With an unresponsive commercial jet missing its landing and no one knowing what was happening in the cockpit, federal aviation officials say they alerted the military about the wayward flight that failed to respond to nearly a dozen calls.
The military denies any alarm was raised. While investigation has focused on whether the pilots were sleeping, the Feb. 13 incident prompted congressional concern Wednesday and reveals a possible breakdown in communications despite all the measures installed after the Sept. 11, 2001, terrorist attacks.
The Federal Aviation Administration said it properly and promptly alerted the military through various channels about the unresponsive go! jet from Honolulu to Hilo at 21,000 feet carrying 40 passengers and three crew members.
"We reported the event in an appropriate and timely manner," FAA spokesman Ian Gregor in Los Angeles said Wednesday.
Gregor said the FAA notified both the Hawaii Air National Guard and the Domestic Events Network, an interagency teleconferencing system established after the 2001 terrorist attacks.
Military responders, however, said the agency never expressed any fear of danger.
"There was no expression of concern, causing us to necessitate a scramble," said Maj. Gen. Robert G.F. Lee, the state's adjutant general and commander of the Hawaii National Guard.
Lee said the F-15 jets are always on alert and ready to go. He said the incident needs to be sorted out.
"If there's a case of even a hint of a communications breakdown, we have to solve this crap," he said.
U.S. Rep. Neil Abercrombie, D-Hawaii, sent a letter Wednesday to Homeland Security Secretary Michael Chertoff, requesting more information on the incident.
Abercrombie, chairman of the House Armed Services subcommittee on air and land forces, questioned why military jets were not scrambled to investigate, or possibly escort the airplane.
"The incident raised serious questions about the safety of passengers and flight crews, and the efficiency of our national response system," wrote Abercrombie, D-Hawaii, in the letter obtained by The Associated Press.
Flight 1002, which left Honolulu at 9:16 a.m., ended up overshooting Hilo International Airport by 15 miles, according to the FAA.
The pilots are being investigated by the FAA and the National Transportation Safety Board for possibly falling asleep on the brief, 214-mile flight. They have also been grounded by go!'s parent company, Phoenix-based Mesa Air Group.
The FAA emphasized that it can neither request nor order military jets to scramble.
"The decision to scramble, or not to scramble, was theirs and not ours," Gregor said. "We provided them with accurate and timely information and that's where our role ends."
Joseph Gutheinz, a former inspector for FAA and Transportation Department, said the responsibility falls on the FAA to not only make the alert, but to follow up and keep the military informed.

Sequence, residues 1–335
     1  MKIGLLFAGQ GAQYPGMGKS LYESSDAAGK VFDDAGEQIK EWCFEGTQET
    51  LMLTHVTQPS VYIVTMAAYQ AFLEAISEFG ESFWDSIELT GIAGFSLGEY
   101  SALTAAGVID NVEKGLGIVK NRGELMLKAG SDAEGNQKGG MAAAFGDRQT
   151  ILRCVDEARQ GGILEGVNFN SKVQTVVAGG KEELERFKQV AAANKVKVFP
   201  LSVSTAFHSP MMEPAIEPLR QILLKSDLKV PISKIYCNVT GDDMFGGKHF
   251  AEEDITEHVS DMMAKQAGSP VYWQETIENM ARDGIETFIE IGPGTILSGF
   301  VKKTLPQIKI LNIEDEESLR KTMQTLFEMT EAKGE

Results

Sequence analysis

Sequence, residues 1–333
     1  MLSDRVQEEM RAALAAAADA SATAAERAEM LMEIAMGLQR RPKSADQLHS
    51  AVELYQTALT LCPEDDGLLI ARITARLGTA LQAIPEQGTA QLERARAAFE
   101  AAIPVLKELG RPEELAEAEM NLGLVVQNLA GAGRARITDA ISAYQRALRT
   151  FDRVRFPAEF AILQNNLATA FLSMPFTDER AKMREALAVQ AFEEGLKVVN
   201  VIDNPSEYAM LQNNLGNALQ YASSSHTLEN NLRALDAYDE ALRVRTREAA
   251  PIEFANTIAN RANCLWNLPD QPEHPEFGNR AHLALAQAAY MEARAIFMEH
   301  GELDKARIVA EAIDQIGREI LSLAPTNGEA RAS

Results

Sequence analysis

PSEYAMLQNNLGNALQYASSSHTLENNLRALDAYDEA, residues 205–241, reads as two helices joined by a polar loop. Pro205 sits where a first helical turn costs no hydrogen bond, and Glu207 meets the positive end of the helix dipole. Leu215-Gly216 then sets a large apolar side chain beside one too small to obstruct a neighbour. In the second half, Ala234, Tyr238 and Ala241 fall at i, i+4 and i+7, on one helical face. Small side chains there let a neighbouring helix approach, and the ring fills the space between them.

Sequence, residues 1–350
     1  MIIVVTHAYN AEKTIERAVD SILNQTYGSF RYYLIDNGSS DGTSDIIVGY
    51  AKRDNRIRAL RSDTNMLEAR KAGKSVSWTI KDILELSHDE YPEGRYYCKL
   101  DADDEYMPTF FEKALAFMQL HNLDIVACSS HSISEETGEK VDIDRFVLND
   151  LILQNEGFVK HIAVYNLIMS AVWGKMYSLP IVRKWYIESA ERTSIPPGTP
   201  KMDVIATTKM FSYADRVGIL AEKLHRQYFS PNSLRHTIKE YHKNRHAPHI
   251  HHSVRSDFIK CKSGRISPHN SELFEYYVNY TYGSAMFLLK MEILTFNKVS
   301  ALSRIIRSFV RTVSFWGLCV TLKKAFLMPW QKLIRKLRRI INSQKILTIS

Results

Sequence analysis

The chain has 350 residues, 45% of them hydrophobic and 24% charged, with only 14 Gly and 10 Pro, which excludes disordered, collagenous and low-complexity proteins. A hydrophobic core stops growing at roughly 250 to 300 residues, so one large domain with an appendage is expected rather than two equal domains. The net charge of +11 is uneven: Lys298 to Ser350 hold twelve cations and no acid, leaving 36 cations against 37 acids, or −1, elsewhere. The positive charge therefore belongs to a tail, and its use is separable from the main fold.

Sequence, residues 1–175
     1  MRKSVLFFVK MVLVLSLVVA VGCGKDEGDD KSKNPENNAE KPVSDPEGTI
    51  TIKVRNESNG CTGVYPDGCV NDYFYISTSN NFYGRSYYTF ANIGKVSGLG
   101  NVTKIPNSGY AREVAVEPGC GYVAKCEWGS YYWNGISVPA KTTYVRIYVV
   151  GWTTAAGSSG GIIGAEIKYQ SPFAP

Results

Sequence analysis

"If you have an urgent situation, you don't make one call and leave it at that," he said. "In the home of Pearl Harbor, you would think they would get it."
With the jet headed over the ocean, away from the population center, it's unclear whether the situation warranted a scramble. Until the aircraft overshot Hilo, it was following its correct flight path.
The FAA said it provided the information it had that "put the event in its proper context."
However, it's evident that the air traffic controller was concerned.
In recordings obtained by AP, the controller is heard repeatedly trying to contact the pilots and even talking to the pilot of another go! airlines flight in hopes of reaching Flight 1002.
"I'm worried he might be in an emergency situation." the controller says.
Finally, about 44 minutes into the flight, the controller was able to establish radio contact and told the flight crew to change course and head back to Hilo, where they landed safely about 15 minutes later, according to the NTSB.
Abercrombie requests an update on the results or progress of the investigations.
"Nearly two months after the event, there has been no definitive explanation by any federal authority," he wrote. "This prevents necessary remedial steps from being taken to address deficiencies with the airline and/or the appropriate federal agencies responsible for emergency notification systems critical to national security."
Abercrombie added that suspicions over the pilots falling asleep also continue to linger.
Homeland Security spokeswoman Amy Kudwa said the department will respond to the congressman's letter directly and not through the media.
The NTSB said the aircraft had experienced no mechanical or pressurization problems and reported skies were clear that morning. However, the agency gave no conclusion in its preliminary report why the plane overshot the airport.
NTSB spokesman Ted Lopatkiewicz said its report could take a couple more months because the investigation requires the same work and timeline as an accident inquiry, including examining the pilots' records, their work schedules as well as training and scheduling practices of the airline.
"We look at a lot of things, not just what the pilots tell us," he said.